Whenever I managed a new project, I typically knew exactly what I want it to look like when it was done. Unfortunately, I assumed that by just projecting this to the team members, they would know what to do.
Regrettably, many times this assumption resulted in miscommunication and misunderstanding. What I've learned from these experiences is that it's always important to keep the following principles in mind when communicating with a team.
A good leader knows the strengths and limitations of each team member. In planning how to present information to the team, it is important to keep this in mind. By building this knowledge into the approach used, you can tailor the manner in which the instructions are given to what is best for the person involved.
Keep in mind that everybody does not learn at the same pace. Some people take a lot longer to catch on to new concepts than others. For example, some understand best by being told while others by being shown.
Every field, every trade and every profession has its private language - its jargon. In the world of Dale Carnegie, this can be extremely effective when people in the field communicate with each other.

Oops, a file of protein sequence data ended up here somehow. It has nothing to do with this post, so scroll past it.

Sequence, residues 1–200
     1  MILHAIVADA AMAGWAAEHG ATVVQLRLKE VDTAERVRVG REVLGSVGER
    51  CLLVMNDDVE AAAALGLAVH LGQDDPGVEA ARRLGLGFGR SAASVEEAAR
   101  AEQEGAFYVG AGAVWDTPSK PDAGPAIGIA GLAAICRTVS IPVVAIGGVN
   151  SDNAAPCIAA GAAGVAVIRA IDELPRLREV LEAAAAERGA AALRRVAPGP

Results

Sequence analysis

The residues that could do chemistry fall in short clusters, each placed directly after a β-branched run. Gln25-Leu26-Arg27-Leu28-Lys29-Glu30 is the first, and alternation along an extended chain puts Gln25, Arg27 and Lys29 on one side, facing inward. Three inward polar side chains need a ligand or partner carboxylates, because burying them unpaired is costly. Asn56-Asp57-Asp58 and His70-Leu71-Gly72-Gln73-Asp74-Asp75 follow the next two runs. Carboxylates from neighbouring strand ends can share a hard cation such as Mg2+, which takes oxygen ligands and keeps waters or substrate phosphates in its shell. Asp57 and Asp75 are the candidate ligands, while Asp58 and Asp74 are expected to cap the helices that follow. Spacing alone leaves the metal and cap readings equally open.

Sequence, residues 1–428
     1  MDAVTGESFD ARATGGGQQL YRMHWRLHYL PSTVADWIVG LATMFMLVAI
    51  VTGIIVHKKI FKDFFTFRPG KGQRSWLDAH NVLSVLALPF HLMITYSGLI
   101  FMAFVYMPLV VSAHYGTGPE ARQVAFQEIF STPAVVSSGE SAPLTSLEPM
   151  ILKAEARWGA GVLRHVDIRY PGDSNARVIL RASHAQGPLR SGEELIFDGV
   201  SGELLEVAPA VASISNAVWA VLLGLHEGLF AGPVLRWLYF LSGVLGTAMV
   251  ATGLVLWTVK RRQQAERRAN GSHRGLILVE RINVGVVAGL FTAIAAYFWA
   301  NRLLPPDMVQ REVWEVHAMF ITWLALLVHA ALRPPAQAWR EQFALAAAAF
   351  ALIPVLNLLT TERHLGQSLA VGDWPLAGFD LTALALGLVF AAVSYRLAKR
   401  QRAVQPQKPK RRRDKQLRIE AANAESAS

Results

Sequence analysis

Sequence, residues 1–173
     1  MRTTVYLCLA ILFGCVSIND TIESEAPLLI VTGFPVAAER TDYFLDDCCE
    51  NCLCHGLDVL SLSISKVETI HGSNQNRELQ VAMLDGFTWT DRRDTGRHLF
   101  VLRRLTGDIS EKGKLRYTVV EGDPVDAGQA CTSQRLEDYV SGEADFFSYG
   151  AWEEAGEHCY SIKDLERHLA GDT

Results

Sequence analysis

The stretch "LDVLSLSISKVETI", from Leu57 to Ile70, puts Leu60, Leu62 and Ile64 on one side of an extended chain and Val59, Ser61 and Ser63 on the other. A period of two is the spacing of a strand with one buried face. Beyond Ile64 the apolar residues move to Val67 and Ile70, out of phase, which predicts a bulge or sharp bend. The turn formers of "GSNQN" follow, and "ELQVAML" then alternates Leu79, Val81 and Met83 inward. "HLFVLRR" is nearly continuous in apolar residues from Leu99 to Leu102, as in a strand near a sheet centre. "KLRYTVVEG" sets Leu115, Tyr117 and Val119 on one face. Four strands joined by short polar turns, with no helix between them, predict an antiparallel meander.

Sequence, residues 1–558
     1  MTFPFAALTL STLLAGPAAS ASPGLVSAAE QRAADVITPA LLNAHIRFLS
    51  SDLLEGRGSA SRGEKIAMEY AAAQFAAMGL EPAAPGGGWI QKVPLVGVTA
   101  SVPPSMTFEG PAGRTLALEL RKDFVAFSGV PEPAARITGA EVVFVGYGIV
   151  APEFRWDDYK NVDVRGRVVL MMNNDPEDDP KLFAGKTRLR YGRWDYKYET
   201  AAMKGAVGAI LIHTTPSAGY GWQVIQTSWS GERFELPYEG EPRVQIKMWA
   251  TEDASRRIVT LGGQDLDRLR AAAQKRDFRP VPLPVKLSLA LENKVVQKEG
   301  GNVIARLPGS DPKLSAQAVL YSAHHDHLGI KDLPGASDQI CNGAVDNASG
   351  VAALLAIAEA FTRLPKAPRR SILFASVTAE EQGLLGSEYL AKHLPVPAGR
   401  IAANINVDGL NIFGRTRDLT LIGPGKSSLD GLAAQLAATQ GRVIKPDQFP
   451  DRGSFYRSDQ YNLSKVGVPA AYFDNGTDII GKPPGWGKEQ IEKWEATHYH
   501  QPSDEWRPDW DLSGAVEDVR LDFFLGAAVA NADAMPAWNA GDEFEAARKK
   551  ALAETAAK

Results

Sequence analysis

However, our more recent project teams come from a variety of disciplines and industries. Some of the newer team members are not familiar with the jargon used by others. It may be prudent to devote some time to ensure all team members know and understand the necessary terminology. A ground rule should be to avoid using jargon when it is not really appropriate.
I have found it helpful when providing instructions to the team to ask questions about the key points as they are presented. I ask team members to tell me how they interpret my message.
Where pertinent, I ask just how they intend to begin the assignment. If it is something which can be demonstrated, I have them show me what they will do. This will help correct any misunderstandings before the work starts.
At various times during the course of the project, check with your team members to assure they are performing as expected. It is not necessary to keep looking over their shoulders, but set pre-determined checkpoints at which you and your team can review the progress made and assure that what has been completed meets expected standards, so that there are no unpleasant surprises at the end of the project.
With the help of these techniques, you will motivate and enable your team to move forward quickly and accurately in any project. You will also help minimize the errors and improve dramatically the quality of your projects.
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